How the heck do you write a piece of classical music? Part 3.

I said I would write something this time about what I called the 'common sense' bit of composing.  What I think this comes down to is actually 'why are you composing?'  Let me explain.  Think of the different possible reasons for composing:

  1. Because you can't help it - you just have stuff in your head you need to get out.  
  2. Because you've been asked to compose something for a clarinet conference
  3. Because you can't find a modern piece with the instrumentation that you want, so you're going to write it yourself
  4. Because you have ideas that nobody else seems to have used before

And of course there are others.  In my opinion the best reason for composing is to have that music played/sung.  Why compose for the ether?  File away all manner of compositions that are never going to see the light of day?  (yes, sure, it's ok to just write music as an exercise - one needs to practice composition).  I think composition should be needs lead: i.e. write music because there's a need for it.  

If you're the new Stockhausen and you're going to progress the art of composition by what you write then good luck to you, but I suspect your music isn't going to get much airplay (well, to be honest neither is mine, but that's for a different reason!).  You've spent ages delving into new clarinet techniques to write into the piece you're writing for that clarinet conference.  And yes, a group at the conference plays it, but it receives zero further performances.  I'm waffling ... part of what I'm saying is "use your common sense: write music that is needed, is asked for in some way, and write music that people will want to play" (well, and listen to, but that's the topic of next week's blog!).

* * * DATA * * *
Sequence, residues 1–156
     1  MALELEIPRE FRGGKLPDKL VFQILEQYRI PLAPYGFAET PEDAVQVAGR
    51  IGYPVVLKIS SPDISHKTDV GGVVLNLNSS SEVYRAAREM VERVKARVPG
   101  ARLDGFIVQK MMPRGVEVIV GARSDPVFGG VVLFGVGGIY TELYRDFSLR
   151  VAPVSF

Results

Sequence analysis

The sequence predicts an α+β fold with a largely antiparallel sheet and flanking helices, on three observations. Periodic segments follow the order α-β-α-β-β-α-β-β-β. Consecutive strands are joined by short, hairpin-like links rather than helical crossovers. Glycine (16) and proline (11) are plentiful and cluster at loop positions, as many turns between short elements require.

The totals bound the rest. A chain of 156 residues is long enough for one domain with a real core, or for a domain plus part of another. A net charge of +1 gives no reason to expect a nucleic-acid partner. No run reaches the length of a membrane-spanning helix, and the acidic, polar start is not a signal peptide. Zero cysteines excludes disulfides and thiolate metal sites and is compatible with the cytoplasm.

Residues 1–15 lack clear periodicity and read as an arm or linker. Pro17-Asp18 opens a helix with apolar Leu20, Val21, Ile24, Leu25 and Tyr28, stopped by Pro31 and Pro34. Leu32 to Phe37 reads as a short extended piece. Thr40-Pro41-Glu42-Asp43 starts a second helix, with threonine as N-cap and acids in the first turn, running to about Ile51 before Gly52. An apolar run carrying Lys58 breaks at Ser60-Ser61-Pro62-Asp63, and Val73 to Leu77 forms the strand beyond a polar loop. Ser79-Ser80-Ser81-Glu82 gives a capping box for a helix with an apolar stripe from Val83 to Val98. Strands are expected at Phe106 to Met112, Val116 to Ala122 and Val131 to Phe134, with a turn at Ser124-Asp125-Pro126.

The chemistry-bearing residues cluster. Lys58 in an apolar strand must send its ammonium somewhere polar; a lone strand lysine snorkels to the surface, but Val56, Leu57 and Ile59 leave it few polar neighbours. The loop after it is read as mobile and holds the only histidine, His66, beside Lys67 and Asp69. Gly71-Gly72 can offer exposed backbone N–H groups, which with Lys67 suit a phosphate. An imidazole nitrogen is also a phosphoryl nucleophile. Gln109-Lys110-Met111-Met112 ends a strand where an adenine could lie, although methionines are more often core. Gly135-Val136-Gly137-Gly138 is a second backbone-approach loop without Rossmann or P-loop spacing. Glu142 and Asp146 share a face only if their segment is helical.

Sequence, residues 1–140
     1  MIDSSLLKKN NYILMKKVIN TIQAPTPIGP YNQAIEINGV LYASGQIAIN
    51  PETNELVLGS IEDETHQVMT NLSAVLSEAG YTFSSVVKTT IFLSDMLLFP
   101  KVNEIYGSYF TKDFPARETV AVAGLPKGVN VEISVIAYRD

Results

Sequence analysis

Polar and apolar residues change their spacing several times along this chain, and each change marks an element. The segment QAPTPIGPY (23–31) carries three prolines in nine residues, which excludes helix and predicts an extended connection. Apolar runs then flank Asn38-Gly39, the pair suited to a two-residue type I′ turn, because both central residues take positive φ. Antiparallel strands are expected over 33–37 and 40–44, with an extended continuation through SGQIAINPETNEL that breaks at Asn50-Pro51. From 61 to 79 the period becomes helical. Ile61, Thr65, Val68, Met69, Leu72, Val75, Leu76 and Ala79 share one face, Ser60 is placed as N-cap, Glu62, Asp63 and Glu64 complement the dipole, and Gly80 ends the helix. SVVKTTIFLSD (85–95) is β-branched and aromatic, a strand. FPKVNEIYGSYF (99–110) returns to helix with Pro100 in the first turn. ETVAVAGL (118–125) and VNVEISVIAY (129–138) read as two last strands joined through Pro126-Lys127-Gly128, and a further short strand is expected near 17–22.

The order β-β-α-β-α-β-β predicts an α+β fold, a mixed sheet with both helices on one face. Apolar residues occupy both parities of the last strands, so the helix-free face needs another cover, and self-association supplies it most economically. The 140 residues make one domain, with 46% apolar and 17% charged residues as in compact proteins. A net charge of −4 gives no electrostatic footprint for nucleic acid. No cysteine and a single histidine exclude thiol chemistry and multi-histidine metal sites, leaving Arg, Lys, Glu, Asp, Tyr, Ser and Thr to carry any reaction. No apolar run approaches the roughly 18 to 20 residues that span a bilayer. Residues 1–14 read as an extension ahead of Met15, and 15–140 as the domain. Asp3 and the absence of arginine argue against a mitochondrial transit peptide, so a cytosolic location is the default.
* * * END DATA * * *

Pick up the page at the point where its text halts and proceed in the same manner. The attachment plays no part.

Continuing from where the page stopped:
I wrote something when I was at school that had an important organ part in it.  My teacher (who was an organist) pointed out that a lot of buildings where concerts are given don't have an organ (or don't have a good one). Better to choose 'common' instruments. 

So, to write a piece of classical music: use standard instruments, use standard techniques (there are already masses, so don't bother trying to re-invent the wheel), and write for a sensible size of group.  Of course, if you are writing because your music has been asked for in some way, then a lot of that will be determined for you.  Or should be.  Take note by the way if you do write for a specific situation that you know what instruments are available, and how good the players are ... don't write something for an amateur or youth orchestra that includes lots of bottom Bbs for the 2nd oboe :)

I'm doing you (myself) a favour here!  If you think "I'll write a piece of music" you've given yourself a seriously broad remit, which is very hard to fulfill.  If your remit is narrowed down by the realities of writing for a particular place/group/concert/building etc then it becomes much easier to fulfill (and to know that you've fulfilled it).  The difficult bit (and I would call this the inspiration) is how to take all of the constraints that you have and write something that is interesting to play ... not too hard, perhaps also not too easy, music that 'says' something ... and of course, music that people will want to listen to ... which takes me to next week ... :)